When you think of the term “enforcer” in the NHL, your mind generally jumps to players such as John Scott, Cody McLeod, Colton Orr and George Parros. Lots of fighting majors, lots of penalty minutes, very few points and not all that much time on the ice. Stars fans remember Krys Barch as their last true enforcer. So why are more and more teams not using up a roster spot on a lot of these guys? Because there are players like Antoine Roussel out there. Teams no longer want to use a roster spot on a guy who will produce six points in a season with his only job being to scare opponents away from star players. They are now adopting new methods of protecting star players while not feeling like they are wasting a spot on the roster.
There are a couple of names that stand out as the players who are ushering in this new wave of enforcers. I already mentioned Antoine Roussel and the other one this season is Steve Downie. They each have racked up a boatload of penalty minutes this year while still producing goals and points for their teams. They aren’t wasted roster spots and yet not many players want to go toe-to-toe with them either. Antoine Roussel has racked up 11 goals and 22 points this season while Downie has 8 goals and 21 points. Roussel and Downie each have six fighting majors on the season which is tied for third in the NHL. Nobody above them comes very close in terms of point production (Derek Dorsett is the closest to them with 14 points). Another thing that sets them apart from traditional enforcers is that their coaches trust them in all situations. Roussel sees a ton of time on the penalty kill and has even been on the top power-play unit at times during the season.
[table id=Roussel1 /]
This table compares two of the “new wave enforcers” with two of the more traditional enforcers. Now Dorsett is probably somewhere in between, but the table shows him playing significantly more sheltered minutes than Roussel or Downie. Roussel plays the toughest even strength minutes out of all four guys both in terms of the quality of competition he faces and his ratio of defensive zone starts versus his offensive zone starts. Of all four players on that table, Roussel also has the highest corsi-for % with Downie just a shade behind him. Both players have significantly higher corsi’s than Dorsett and McLeod despite playing much tougher minutes.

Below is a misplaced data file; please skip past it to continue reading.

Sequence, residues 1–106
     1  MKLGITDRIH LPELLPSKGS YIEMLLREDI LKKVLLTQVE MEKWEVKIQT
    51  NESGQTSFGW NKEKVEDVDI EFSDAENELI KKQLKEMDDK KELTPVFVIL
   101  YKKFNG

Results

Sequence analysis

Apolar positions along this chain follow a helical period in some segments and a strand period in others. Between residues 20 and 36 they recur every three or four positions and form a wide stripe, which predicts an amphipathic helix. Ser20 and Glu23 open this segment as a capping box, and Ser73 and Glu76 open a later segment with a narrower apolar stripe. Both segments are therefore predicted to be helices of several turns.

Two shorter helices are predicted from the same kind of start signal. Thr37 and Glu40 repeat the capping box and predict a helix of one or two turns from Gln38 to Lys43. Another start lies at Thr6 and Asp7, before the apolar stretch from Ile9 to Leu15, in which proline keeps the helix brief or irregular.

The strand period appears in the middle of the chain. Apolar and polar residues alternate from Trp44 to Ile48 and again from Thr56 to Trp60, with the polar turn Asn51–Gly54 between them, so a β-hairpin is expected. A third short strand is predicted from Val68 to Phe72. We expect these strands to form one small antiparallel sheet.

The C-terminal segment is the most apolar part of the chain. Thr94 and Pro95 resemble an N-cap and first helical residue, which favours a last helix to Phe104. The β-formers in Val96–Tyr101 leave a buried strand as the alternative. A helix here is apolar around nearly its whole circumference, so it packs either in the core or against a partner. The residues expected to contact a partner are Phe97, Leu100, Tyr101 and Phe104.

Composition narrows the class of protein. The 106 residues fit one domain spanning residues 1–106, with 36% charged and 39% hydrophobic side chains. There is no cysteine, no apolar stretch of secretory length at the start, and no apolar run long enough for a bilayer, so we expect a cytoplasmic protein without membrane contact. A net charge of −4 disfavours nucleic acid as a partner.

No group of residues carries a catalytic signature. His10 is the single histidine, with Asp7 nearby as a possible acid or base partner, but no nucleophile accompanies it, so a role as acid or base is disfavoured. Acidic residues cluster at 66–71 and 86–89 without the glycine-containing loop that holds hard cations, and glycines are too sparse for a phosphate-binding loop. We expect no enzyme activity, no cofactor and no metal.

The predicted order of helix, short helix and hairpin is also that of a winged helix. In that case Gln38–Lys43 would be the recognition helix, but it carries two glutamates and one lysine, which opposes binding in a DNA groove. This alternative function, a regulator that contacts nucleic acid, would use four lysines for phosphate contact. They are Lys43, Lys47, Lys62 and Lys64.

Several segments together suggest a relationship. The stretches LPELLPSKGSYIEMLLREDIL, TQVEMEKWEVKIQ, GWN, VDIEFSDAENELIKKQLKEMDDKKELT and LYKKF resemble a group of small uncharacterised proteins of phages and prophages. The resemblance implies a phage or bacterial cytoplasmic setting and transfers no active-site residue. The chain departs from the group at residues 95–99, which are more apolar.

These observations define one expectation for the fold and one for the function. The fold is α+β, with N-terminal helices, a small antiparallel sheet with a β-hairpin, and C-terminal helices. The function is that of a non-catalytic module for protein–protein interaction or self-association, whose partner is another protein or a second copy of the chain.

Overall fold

So we’ve highlighted the difference between the new enforcer versus the old enforcer, the new ones score points and simply have a better overall game. What sets Roussel and Downie apart from the pests of the game? Pests score points, agitate opponents and rack up penalty minutes too. The big difference is the fighting ability and the overall willingness to drop the gloves for a teammate. One of the more well-known pests in the league is Brad Marchand. Marchand has been a pretty good point producer so far in his career and he is also incredible at agitating opposing players. While he is fantastic at what he does, I would in no way describe him as one of the new wave enforcers in the NHL and that is because he is completely missing the fighting aspect of it. Marchand has yet to pick up a fighting major this season and quite frankly the Boston Bruins don’t look for him to do that anyway. One of the major points in having an enforcer on your team is to protect the star players. While agitators like Marchand are excellent in their roles, players like Roussel and Downie take it a step further by their willingness to drop the gloves for their teammates.
Many teams in the NHL today are trending towards the Antoine Roussel style of “enforcer” and for good reason. The effectiveness of the physical play and energy a traditional enforcer brings is still there while adding solid play at both ends of the ice. We have already discussed Roussel’s offensive ability, but what about his play in his own zone? He gets more defensive zone starts than any other forward on the Dallas Stars and Lindy Ruff has shown a tremendous amount of trust in Roussel in key moments of the game. Roussel is tied for 8th in the entire league in blocked shots by forwards with 45 blocked shots so far this season. Nobody with the penalty minutes Roussel has is even close to him in regards to blocked shots among forwards.
While they may not be as physically imposing as some of the traditional enforcers, Antoine Roussel and Steve Downie are getting the enforcer job done and a whole lot more. Traditional enforcers like John Scott are still out there but in the coming years I would expect most teams to have shifted towards the new style of enforcer. Teams, especially playoff teams, are just so deep in today’s NHL that you really cannot afford to use a roster spot on a player that really isn’t going to contribute much outside of fighting. The new style of NHL enforcer has arrived and Antoine Roussel is leading the charge.